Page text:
IATA Expects 2021 Revenues To Be Down 46%

When the COVID crisis erupted in the spring of 2020, industry leaders and experts knew recovery would take some time. As time moves forward, we are getting a better idea of the scale of the impact for 2021 – especially when factoring in how governments have responded to the crisis. The International Air Transport Association (IATA) is predicting that total industry revenues in 2021 will be down 46% compared to 2019.

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This global health crisis has hit airlines differently. Carriers in the United States and other large nations were at least able to hold on to a small amount of domestic flight activity. Photo: Getty Images

New analysis from IATA

Representing the interests of commercial air travel around the world, IATA is presenting a new analysis that shows the airline industry “cannot slash costs sufficiently to neutralize severe cash burn to avoid bankruptcies and preserve jobs in 2021.” As such, the group is again calling for government relief measures to sustain airlines financially and avoid massive employment terminations.



“The fourth quarter of 2020 will be extremely difficult and there is little indication the first half of 2021 will be significantly better, so long as borders remain closed and/or arrival quarantines remain in place. Without additional government financial relief, the median airline has just 8.5 months of cash remaining at current burn rates. And we can’t cut costs fast enough to catch up with shrunken revenues,” – Alexandre de Juniac, IATA’s Director General and CEO

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IATA says that governments need to step up and support their airline industries in order to avoid closures and massive employee layoffs. Photo: Getty Images

Here are the worrisome numbers resulting from IATA’s analysis of the industry:

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Total industry revenues in 2021 are expected to be down 46% compared to the 2019 figure of $838 billion. This is a further downgrade from the previous prediction of a 29% decline resulting from delayed recovery, fresh COVID-19 outbreaks and waves, and unwavering government-mandated travel restrictions.
  • IATA expects full-year 2020 traffic to be down 66% compared to 2019, with December demand down 68%.
  • Although most airlines have done everything in their power to reduce costs (layoffs, aircraft retirements, etc.), the drop in passenger revenues has been far greater. Based on a sample of 76 airlines, the year-on-year decline in operating costs for the second quarter was 48% compared with a 73% decline in operating revenues.

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Why is the situation so bleak?

IATA presents two big reasons for its grim analysis and prediction for 2021.

Firstly, airlines have parked thousands of mostly long-haul aircraft and shifted their operations to short-haul flying where possible. Therefore, when looking at distance flown in relation to aircraft flying, relatively more aircraft must operate the network. Thus, flown capacity (ASKs – airline seat kilometers) is down 62% compared to January 2019, but the in-service fleet is down just 21%.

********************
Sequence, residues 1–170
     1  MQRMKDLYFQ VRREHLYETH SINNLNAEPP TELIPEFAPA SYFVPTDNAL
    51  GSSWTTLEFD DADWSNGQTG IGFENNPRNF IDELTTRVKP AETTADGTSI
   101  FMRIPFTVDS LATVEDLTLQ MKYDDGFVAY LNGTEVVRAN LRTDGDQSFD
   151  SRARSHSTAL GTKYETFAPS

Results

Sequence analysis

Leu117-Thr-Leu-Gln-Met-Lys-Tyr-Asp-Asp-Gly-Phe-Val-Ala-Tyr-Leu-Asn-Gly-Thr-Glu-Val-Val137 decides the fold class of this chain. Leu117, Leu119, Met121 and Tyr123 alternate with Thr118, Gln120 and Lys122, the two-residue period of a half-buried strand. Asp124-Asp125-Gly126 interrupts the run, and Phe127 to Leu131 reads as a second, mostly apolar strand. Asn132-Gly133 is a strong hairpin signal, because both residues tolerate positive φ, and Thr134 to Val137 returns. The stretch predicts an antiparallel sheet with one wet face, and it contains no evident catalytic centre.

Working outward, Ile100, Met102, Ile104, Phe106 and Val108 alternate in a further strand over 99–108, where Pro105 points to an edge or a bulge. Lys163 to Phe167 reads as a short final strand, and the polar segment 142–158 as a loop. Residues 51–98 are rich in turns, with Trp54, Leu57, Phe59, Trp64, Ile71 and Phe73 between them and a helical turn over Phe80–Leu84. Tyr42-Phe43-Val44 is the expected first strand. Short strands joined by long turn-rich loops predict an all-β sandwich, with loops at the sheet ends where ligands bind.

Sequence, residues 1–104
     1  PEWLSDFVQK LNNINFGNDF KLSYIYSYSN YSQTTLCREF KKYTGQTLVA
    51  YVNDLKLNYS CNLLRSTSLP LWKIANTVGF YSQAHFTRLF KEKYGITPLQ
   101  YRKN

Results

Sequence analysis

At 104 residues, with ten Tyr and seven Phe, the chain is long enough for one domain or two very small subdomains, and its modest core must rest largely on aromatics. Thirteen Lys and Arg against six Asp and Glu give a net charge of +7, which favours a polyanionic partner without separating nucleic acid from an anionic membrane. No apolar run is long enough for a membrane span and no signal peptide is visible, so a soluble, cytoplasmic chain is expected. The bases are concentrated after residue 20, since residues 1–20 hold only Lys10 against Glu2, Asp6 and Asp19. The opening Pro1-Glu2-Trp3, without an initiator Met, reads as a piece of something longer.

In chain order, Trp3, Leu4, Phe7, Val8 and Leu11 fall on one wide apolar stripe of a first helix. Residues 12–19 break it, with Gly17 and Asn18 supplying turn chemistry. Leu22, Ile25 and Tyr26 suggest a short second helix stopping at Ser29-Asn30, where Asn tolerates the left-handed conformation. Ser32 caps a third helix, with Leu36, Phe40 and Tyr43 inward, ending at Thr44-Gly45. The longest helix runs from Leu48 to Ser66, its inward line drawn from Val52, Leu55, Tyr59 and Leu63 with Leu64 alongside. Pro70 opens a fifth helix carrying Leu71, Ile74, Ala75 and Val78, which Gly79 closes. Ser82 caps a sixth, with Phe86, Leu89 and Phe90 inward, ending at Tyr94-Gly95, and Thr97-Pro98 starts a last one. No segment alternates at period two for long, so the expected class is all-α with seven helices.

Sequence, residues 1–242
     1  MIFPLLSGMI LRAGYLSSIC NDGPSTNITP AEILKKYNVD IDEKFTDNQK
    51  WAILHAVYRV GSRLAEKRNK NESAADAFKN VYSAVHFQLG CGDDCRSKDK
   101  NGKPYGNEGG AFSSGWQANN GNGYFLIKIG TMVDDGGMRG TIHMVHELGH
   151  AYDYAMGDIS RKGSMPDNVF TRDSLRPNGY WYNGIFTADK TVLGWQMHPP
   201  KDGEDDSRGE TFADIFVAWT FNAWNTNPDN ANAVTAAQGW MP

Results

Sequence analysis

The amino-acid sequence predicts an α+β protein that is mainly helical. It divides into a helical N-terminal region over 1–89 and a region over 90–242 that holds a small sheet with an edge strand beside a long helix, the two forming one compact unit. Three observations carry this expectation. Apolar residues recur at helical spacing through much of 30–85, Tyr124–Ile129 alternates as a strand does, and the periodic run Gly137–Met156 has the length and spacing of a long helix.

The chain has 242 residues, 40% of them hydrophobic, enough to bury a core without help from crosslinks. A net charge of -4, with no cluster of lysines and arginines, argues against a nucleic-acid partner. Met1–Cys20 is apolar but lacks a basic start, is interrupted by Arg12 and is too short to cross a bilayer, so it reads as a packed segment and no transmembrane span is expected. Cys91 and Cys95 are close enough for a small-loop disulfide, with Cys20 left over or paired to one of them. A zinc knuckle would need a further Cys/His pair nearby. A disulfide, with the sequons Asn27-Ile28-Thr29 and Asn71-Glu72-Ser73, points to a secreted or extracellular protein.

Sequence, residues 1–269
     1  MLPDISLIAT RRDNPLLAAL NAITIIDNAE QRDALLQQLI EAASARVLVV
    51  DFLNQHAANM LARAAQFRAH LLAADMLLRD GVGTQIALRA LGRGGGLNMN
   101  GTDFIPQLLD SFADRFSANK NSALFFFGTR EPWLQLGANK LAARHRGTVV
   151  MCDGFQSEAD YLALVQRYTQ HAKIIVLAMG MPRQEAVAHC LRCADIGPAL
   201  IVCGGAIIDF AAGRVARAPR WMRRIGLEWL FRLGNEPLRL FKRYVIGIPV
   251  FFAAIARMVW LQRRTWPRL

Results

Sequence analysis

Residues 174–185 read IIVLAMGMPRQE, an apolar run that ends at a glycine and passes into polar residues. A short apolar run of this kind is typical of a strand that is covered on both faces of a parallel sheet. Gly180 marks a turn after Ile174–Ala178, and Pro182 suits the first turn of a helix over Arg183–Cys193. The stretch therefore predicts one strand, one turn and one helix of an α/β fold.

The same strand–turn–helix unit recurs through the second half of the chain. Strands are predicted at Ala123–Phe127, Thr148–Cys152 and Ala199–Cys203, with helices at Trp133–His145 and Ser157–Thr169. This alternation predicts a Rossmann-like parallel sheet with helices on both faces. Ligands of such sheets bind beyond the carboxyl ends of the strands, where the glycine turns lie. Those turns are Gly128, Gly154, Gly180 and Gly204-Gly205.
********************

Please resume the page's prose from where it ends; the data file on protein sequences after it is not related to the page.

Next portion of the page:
Secondly, around 60% of the world’s passenger aircraft are leased. Despite receiving some reductions from lessors, rental costs have dropped less than 10% over the past year.

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Airlines like Virgin Atlantic have no domestic network to rely on in the face of plummeting international air travel demand. Photo: Vincenzo Pace | JFKJets.com

Even if that unprecedented reduction in labor costs were to be achieved, total costs will still be higher than revenues in 2021, and airlines will continue to burn through cash. – IATA

The answers, according to IATA

IATA has several suggestions to deal with the dire situation.

In its latest press release, the group says that it is critical that airports and air navigation service providers (ANSP) avoid cost increases to fill gaps in budgets. Instead, it calls on these two groups to also cut costs and also defer capital expenditures, borrow on capital markets and/or seek government financial relief.

IATA is also calling for pre-flight COVID-19 testing to open borders and enable travel without quarantine. This is already happening with some airlines and jurisdictions, and being trialed by other authorities.

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IATA says that establishing more pre-flight COVID-19 testing will help to open borders and enable more travel (without the need for quarantine). Photo: Vincenzo Pace | JFKJets.com

Certainly an extremely unpopular move for any airline, IATA sees further job reductions or pay cuts as necessary to reduce unit labor costs and maintain 2019 levels of labor productivity (ASKs per employee). However, the group makes it clear that it is “not advocating specific workforce reductions.”

The biggest factor, according to IATA, is government intervention.

“Unless governments act fast, some 1.3 million airline jobs are at risk. And that would have a domino effect putting 3.5 million additional jobs in the aviation sector in jeopardy along with a total of 46 million people in the broader economy whose jobs are supported by aviation.” – IATA

The group says that Governments must take firm action to avoid this “impending economic and labor catastrophe,” calling on them to “step forward with additional financial relief measures.”

Government bailouts, pre-flight COVID testing, relief for airports/ANSPs – Do you agree with IATA’s evaluation of the situation and its proposed solutions? Let us know your thoughts in the comments.

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